A few weeks ago, I went to see The Wedding Present play at the Roundhouse in Camden. Musically-inclined readers of a certain age may remember them as a popular indie guitar band in the mid-80s, known for their furiously strummed guitars and pithy lyrics about student love affairs. They’re now playing the nostalgia circuit, performing their classic George Best album in full, and during that part of the show, middle-aged men could repeatedly be seen trying to crowdsurf. It was very entertaining.
I’ve been reading a lot about the campaign to introduce ‘safe standing’ at football grounds recently, and I’ve come to the conclusion that a similar impulse must be behind it. After all, compulsory all-seater stadiums were introduced for the top two divisions in the early 90s, so anyone who stood regularly as a teenager at a ground in those divisions must now be pushing 40. Like the crowdsurfers at the Roundhouse, I can only assume that the safe standing campaign is being led by people with a hankering to relive their younger days. I can’t see another reason for it.
As it happens, the editorial in this month’s When Saturday Comes (a magazine which invariably has its heart in the right place) gives two main reasons for introducing safe standing: restoring some atmosphere to sterile all-seater stadiums, and reducing ticket prices.
I’ve heard the argument before that standing up encourages singing – some even maintain that it is physically harder to sing while sitting down – and it’s nonsense. It may make a difference if you’re part of a chorale performing a Bach cantata, but not when belting out the ‘Deeney is a legend’ song. I’ve happily sat and sang for 20 years, as have thousands of others.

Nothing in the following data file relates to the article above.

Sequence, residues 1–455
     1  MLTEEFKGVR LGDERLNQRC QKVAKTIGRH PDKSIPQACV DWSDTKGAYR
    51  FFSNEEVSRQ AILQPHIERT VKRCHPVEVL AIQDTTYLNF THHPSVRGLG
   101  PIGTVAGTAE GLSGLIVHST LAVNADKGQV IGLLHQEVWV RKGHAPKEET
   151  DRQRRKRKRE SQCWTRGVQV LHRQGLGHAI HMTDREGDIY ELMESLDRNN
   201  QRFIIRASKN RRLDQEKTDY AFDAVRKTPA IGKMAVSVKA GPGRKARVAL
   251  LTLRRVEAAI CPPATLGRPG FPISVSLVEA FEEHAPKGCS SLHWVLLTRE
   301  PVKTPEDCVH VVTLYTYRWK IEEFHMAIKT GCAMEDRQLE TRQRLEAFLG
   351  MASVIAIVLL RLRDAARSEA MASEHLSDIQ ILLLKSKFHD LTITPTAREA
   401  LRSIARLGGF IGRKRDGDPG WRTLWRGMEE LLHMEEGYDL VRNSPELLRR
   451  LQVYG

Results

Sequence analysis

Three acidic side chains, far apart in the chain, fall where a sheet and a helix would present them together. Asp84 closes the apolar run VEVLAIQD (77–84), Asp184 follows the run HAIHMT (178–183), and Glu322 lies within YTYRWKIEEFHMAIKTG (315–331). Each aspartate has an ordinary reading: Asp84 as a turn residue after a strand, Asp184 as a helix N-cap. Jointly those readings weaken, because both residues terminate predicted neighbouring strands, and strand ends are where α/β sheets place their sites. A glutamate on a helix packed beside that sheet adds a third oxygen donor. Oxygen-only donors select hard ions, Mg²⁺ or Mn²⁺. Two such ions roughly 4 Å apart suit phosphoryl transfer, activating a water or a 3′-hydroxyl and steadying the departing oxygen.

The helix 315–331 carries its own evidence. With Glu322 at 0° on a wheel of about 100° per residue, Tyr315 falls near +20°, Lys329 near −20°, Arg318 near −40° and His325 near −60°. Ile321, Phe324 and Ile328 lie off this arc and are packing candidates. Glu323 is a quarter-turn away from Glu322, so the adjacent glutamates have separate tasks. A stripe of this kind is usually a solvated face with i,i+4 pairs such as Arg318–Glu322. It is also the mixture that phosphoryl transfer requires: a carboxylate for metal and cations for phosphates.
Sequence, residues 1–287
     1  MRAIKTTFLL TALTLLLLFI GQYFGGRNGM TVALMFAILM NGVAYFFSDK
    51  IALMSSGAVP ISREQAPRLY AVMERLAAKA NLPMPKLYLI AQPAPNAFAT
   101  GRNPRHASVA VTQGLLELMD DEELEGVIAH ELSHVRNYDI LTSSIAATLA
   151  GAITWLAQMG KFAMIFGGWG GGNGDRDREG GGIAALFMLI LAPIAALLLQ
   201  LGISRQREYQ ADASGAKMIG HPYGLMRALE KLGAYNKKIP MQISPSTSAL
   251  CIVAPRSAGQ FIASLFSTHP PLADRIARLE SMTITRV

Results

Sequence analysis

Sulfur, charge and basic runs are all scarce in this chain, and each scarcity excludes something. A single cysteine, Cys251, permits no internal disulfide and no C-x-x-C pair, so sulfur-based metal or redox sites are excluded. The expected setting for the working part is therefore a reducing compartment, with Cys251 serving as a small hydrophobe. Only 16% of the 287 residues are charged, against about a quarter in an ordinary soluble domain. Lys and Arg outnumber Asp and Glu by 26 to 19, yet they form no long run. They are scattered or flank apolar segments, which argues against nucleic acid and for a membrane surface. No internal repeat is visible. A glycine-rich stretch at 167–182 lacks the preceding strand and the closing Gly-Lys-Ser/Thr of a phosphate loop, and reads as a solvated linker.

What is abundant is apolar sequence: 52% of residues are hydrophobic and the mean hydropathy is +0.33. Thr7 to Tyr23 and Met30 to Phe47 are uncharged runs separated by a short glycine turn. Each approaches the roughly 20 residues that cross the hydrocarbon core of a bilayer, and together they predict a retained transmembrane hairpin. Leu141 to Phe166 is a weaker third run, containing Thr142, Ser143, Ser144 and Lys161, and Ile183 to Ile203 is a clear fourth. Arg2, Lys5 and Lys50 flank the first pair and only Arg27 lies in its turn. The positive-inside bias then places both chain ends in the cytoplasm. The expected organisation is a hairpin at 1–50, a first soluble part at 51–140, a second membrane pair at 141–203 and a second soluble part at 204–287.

As for reducing ticket prices, it’s a noble ambition. But Premier League clubs in particular have had ample opportunity to do so in recent years as Sky have showered them with money, and few have done anything to make matchdays cheaper for fan; it all goes on escalating transfer fees and player wages instead. That may change if safe standing is ever introduced, but I’m not holding my breath.
There is a third argument; that fans stand anyway, particularly in away ends, so we need to ensure they can do so safely. I have some sympathy with this line, but I think football supporters have actually become a lot more sensible in the past 30 years. The bundles and crushes that made life on the old terraces so hazardous simply don’t happen when everyone is standing on a narrow strip of concrete with the back of a chair at their feet. It’s not that dangerous any more.
For what it’s worth, I’m not against standing at football matches. I just don’t see the point of spending money on installing rail seating (which the safe standing brigade are pinning their hopes on) when there are other ways of arranging things. Watford’s Operations Director made this point perfectly at an At Your Place event I attended last season. As he pointed out, the club have an arrangement with the 1881 that they can have a block where everyone can stand throughout the match if they want; those who want to stand can join that group, and everyone else sits down. It doesn’t cost anything, and everyone’s happy. We can’t be the only club where this common-sense approach is taken.
As further proof, he also mentioned standing in the away end, but I’ll come back to that another time...